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Hanging on to Fitness and a Few Strands of Hair Through Breast Cancer Treatment

I am a Medical Oncologist, a wife, a mother of 4, runner of 12 marathons training to run my 13th with a goal to qualify for Boston when the diagnosis of breast cancer caused a significant detour in my well-planned life. When I asked for guidance on how to continue to stay fit while receiving treatment, I received blank stares and found little data. While I never intended to be in this experiment, I find myself now generating my own data about fitness through the diagnosis and treatment of breast cancer. I am writing this in hopes to help others who find themselves in this same situation.

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The Medical Oncology Visit

Today I saw the medical oncologist. She recommends that I receive adjuvant chemotherapy. Dose dense adriamycin + cytoxan x 4 cycles followed by dose dense paclitaxel x 4 cycles. This will be given every 2 weeks. Although this may seem crazy, this was exactly what I wanted to hear. I want to be as aggressive as possible in treating this breast cancer now in order to minimize the chance that I will ever have to deal with it again. But at the same time, this recommendation was exactly what I feared. I had no doubt that my body would fully recover from surgery and that I would ultimately have no physical limitations, but I know way too much about chemotherapy. I know that there is a potential for permanent serious toxicity. Although I really can’t envision life without running, I feel like I need to come to terms with the possibility that going through chemotherapy may change me in a way that may prevent me from ever getting back to this pre-treatment for breast cancer level of fitness.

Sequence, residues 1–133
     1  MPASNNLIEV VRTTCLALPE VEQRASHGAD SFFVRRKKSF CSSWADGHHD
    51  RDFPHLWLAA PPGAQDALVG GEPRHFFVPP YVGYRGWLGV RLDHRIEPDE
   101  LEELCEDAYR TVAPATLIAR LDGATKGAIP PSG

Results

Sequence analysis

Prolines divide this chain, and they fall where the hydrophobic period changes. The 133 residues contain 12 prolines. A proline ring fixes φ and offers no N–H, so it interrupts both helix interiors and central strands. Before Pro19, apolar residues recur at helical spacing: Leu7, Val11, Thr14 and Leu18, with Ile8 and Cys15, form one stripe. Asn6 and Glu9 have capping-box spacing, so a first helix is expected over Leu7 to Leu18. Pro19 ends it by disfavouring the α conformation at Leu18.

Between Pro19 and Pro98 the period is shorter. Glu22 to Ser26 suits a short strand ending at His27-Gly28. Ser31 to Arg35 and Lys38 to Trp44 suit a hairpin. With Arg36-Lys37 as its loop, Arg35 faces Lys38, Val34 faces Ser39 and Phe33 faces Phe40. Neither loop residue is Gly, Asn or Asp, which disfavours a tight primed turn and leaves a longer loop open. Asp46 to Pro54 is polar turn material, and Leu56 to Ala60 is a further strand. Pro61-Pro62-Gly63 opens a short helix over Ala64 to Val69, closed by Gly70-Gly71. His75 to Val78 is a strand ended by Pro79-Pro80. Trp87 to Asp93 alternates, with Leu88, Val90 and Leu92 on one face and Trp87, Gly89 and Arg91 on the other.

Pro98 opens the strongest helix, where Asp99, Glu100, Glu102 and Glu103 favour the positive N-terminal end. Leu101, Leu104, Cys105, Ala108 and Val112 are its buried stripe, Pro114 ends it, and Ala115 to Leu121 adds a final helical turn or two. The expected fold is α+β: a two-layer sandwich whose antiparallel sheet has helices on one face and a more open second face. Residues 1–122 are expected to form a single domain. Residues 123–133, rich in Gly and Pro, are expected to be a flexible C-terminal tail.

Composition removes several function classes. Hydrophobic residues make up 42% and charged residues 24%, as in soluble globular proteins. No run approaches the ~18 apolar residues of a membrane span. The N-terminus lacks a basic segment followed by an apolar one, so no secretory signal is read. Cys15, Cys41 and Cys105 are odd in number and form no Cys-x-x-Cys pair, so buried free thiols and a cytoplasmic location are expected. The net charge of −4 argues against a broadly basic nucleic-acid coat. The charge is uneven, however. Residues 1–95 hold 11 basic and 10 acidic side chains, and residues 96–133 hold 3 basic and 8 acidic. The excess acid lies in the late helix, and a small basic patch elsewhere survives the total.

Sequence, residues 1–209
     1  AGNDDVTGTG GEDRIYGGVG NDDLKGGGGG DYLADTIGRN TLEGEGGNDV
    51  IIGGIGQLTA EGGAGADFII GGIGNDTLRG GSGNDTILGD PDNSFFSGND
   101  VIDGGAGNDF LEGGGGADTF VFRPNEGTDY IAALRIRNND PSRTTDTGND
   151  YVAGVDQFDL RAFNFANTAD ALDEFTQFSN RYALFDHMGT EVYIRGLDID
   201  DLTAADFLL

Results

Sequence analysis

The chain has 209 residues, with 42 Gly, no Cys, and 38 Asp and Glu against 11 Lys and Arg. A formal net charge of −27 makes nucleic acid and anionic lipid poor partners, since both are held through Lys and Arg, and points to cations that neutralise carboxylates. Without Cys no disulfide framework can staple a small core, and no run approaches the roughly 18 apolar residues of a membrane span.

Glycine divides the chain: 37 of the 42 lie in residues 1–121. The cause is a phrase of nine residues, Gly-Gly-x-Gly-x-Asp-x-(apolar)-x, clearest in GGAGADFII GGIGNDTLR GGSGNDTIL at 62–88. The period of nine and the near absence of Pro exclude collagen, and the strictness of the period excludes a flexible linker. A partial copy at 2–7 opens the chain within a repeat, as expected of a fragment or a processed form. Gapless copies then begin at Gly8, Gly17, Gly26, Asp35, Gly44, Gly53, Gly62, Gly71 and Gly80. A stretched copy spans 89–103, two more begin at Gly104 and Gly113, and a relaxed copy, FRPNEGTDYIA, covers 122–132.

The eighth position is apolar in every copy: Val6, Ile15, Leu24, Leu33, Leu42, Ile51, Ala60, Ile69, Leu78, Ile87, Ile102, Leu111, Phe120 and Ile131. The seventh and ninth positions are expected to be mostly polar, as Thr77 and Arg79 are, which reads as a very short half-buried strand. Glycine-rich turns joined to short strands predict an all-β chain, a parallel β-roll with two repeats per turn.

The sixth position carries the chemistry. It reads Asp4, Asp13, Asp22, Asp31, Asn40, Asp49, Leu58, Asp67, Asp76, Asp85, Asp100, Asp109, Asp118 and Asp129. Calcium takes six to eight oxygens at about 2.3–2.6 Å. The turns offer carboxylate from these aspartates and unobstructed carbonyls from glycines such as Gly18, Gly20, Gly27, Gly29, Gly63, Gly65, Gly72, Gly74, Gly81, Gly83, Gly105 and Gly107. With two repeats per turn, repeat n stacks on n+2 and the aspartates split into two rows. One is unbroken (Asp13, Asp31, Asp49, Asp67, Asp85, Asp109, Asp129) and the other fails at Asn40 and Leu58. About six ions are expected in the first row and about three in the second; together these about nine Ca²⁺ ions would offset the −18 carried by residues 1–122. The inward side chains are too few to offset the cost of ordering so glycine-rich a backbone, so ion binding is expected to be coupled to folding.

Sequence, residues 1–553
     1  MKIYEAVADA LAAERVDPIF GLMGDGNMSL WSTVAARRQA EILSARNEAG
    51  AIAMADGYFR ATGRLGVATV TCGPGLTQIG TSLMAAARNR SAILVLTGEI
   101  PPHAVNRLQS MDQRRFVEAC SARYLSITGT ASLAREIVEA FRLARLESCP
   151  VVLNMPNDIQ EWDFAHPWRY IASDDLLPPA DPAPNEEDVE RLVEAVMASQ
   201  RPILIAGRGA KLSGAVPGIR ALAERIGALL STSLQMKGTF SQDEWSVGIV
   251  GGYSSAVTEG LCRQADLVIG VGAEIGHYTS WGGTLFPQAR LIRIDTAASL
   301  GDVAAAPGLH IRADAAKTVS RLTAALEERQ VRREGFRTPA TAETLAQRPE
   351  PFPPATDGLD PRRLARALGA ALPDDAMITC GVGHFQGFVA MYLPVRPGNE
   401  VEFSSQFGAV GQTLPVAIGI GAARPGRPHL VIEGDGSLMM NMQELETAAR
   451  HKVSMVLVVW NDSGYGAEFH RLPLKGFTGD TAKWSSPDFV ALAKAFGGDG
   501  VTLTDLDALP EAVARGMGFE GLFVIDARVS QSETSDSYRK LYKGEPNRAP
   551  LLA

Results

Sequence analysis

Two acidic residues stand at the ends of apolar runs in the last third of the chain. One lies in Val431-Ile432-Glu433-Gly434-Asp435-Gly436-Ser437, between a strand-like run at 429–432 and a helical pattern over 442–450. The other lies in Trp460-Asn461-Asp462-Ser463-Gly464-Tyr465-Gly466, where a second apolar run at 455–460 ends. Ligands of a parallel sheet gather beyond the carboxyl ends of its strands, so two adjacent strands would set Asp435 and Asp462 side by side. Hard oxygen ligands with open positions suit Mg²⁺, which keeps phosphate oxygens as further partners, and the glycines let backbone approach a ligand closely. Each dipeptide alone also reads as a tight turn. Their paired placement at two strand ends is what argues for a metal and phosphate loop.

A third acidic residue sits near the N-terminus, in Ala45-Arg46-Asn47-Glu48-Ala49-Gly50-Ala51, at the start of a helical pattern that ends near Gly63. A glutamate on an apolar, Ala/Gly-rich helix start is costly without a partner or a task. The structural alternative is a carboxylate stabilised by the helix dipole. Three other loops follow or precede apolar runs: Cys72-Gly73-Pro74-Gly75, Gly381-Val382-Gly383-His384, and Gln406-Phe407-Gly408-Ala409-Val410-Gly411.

After meeting with the oncologist, the nurse came in to provide more detailed information about what to expect while receiving chemotherapy. My husband understands how important running is to me, so he asked the nurse if it would be ok if I continued to run while receiving chemotherapy. Her response was that she doubted that I would actually want to continue running while on chemotherapy because I would be so tired and anemic. Ok, that was not very inspirational. I know because of my background as an oncologist that exercise while on chemotherapy is beneficial. But I realize now that my knowledge on what and how exercise is beneficial is very superficial. I was not specifically trained on this. I can also honestly say that I never had a patient ask me if it was ok to run or exercise intensely while receiving chemo. Now I find myself as a patient desperate for specific advice. My gut tells me that I should stay active and the fact that I have started this journey in very good shape leads me to believe that there is no reason that I should not try to continue this activity. But I also know that adriamycin can damage my heart. I know that taxol can damage my nerves. I know that all of the chemotherapy will suppress my bone marrow which means that I will become anemic which means that my heart will need to work harder to deliver the oxygen needed to my working muscles. The big question I have is where is that line between doing something that is beneficial and doing harm?

Here is what the National Comprehensive Cancer Network (NCCN) says about exercising during cancer treatment:

https://www.nccn.org/patients/resources/life_with_cancer/exercise.aspx

“If you have been recently diagnosed with cancer or are undergoing treatment, it’s important to take special care of yourself. Studies show that one of the best waist do this is to stay physically active. That doesn’t, of course mean you should run a marathon or scale a mountain. Moderate aerobic exercise such as riding a stationary bicycle or taking a daily walk with the use of light weights for strength training can enhance physical well-being and spur recovery. Your goal should be at least 30 minutes of aerobic exercise 5 days a week or more. Be cautious. If you try to do too much, you may become discouraged and stop exercising altogether. On the other hand, if your were a regular at the gym before cancer, you may have to lower the intensity of workouts for a while.”


I frankly find the nurse’s response to my husband’s question about me continuing to run while receiving chemotherapy and the Guidelines provided by the NCCN to be very discouraging. Both seem so conservative and cautious without giving any specific guidance on how to determine what is safe and beneficial.

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